- Kerkut, G.A. Implications of Evolution. New York, N.Y.: Pergamon Press, 1960. A must for all libraries. This small book shows that classical NeoDarwinism is impossible. Much useful information, even though it was printed 44 years ago. It is far more readable than what most non-biologists expect.
- Lovtrup, Soren. Darwinism: The Refutation of a Myth. New York, N.Y.: Methuen. The author reviews what he calls a half a century of biology’s dead end caused by micromutation theory. He concludes that the micromutations that do occur cannot alone account for evolutionary change, an unfalsifiable, hence metaphysical theory. He also stresses that it is a great misfortune that an entire branch of science has become addicted to a false theory, but this is what has happened in biology. He concludes that for a long time evolutionary problems were set in a “Darwinian” vocabulary—“adaptation,” “selection pressure,” “natural selection,” etc., in the belief that these ideas contributed to the explanation of natural events, which they do not—and the sooner this is discovered, he concludes, the sooner we shall be able to make more rapid progress in science.
- Monsma, John Clover. (editor) The Evidence of God in an Expanding Universe. New York, NY: Putnam, 1958, 250 pp. A compilation of 40 American scientists, who range from conservative creationists such as John William Klotz to those who would be classified as progressive creationists, all writing about the evidence for creationism and what they conclude are the positive aspects of religion. The chapters cover topics from God in a modern medical practice, to the evidence of God as the controller of the universe. Most deal with origins or cosmology, and many criticize evolution.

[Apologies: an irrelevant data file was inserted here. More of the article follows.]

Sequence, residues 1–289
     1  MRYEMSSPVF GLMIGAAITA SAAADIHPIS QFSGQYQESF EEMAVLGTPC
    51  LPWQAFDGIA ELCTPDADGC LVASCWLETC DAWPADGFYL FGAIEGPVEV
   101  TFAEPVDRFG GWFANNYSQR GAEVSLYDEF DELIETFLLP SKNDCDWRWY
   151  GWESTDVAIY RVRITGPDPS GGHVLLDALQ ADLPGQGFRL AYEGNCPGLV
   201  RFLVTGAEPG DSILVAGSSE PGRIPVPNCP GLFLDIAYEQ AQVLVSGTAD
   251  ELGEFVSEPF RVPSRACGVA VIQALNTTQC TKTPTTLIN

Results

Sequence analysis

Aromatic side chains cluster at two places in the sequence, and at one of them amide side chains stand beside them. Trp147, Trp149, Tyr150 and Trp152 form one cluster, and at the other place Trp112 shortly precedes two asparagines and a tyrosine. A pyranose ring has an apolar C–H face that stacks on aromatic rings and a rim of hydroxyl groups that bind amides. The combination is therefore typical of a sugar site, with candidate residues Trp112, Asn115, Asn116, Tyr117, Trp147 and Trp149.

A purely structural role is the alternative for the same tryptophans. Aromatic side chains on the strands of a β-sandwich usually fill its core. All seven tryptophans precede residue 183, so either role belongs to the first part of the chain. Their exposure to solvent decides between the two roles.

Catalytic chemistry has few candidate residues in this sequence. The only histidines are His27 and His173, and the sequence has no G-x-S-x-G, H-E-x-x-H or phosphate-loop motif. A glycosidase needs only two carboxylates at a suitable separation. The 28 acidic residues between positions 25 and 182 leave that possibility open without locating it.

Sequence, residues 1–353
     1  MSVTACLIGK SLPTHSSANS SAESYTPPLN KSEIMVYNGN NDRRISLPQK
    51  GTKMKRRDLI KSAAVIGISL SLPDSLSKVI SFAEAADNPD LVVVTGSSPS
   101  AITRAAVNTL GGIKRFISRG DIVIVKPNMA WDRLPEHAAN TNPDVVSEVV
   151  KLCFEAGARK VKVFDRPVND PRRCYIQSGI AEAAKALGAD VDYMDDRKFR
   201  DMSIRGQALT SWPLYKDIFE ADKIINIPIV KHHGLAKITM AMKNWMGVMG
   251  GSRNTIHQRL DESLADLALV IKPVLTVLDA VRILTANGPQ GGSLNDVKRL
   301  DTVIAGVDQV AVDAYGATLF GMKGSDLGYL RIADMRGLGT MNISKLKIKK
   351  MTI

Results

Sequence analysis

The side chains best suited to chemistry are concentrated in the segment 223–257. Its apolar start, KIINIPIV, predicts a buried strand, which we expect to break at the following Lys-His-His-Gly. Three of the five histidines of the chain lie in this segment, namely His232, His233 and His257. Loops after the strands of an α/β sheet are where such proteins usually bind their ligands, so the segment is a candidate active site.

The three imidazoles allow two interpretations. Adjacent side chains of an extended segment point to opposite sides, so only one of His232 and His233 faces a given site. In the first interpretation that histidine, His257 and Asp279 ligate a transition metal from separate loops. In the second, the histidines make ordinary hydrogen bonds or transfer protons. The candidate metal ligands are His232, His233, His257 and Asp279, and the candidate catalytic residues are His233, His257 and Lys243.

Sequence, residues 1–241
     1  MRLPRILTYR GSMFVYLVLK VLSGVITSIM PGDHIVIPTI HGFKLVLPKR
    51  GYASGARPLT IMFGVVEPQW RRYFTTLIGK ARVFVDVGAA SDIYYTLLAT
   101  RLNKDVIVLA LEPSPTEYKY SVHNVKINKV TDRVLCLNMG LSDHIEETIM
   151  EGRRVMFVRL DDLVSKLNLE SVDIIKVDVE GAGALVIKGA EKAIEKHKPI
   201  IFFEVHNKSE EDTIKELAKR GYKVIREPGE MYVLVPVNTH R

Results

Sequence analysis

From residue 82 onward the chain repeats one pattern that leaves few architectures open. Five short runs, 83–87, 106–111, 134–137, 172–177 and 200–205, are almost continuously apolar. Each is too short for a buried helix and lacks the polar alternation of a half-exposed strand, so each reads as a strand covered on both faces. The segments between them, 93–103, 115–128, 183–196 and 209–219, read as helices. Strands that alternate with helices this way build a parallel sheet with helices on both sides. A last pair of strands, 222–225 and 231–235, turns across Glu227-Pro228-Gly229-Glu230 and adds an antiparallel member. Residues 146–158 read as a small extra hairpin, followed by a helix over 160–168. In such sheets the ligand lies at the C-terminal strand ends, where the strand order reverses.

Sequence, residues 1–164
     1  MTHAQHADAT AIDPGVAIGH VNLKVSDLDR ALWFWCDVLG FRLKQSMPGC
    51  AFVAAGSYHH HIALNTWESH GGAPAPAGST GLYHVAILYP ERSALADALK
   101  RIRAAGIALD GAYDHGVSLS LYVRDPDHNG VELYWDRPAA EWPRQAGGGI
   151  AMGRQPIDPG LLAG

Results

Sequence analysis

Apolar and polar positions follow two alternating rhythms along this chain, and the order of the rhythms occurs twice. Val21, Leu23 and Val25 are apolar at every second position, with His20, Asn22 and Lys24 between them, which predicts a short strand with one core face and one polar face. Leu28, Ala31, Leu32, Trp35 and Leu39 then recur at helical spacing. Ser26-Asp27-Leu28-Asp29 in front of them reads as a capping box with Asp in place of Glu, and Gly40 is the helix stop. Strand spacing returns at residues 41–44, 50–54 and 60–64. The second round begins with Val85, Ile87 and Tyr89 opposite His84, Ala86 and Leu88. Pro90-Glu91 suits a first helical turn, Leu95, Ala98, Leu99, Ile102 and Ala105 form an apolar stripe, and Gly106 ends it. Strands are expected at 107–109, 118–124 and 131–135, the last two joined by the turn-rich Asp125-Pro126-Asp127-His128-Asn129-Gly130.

- ______. (ed.) Science and Religion. New York, N.Y.: Putnam, 1962, 253 pp. A compilation of the writings of 23 creationists in the area of science, its limitations, use, advantages, disadvantages and select other areas of the religious science conflict. Many focus on historical or current conflicts that relate to the question of origins and cosmology in general, and several of the writers focus on the problem of scientism, although many discuss the abuses by both scientists and theologians.
- ______. (ed.) Behind the Dim Unknown. New York, NY: Putnam, 1966, 256 pp. A compilation of 26 “notable scientists” and their conclusions or thoughts on origins; includes a number of well known creationists such as Duane Gish, A. Kurt Weiss, Harold Hartzler. The topics cover the gamut from botany, to cytology, thermodynamics, astronomy, meteorology, nuclear physics, electrodynamics, geology, geophysics, zoology, natural law and psychophysics. This useful collection includes several authors who are strict conservative creationists, but most accept the progressive creationist view.
- Moorhead, Paul and Martin Kaplan. Mathematical Challenges to the NeoDarwinian Interpretation of Evolution. Philadelphia, PA: The Winston Press, 1967. A very scholarly attack on evolution by a group of prominent scientists. A must for all college libraries.
- Pitman, Michael. Adam and Evolution. London, England: Rider, 1984. More openly creationist (but not overtly so) than most books listed here, it is nonetheless thoroughly researched. I could not find any major problems with this work for public libraries. It is an excellent historical and scientific summary of the evidence for creation by an Oxford University graduate.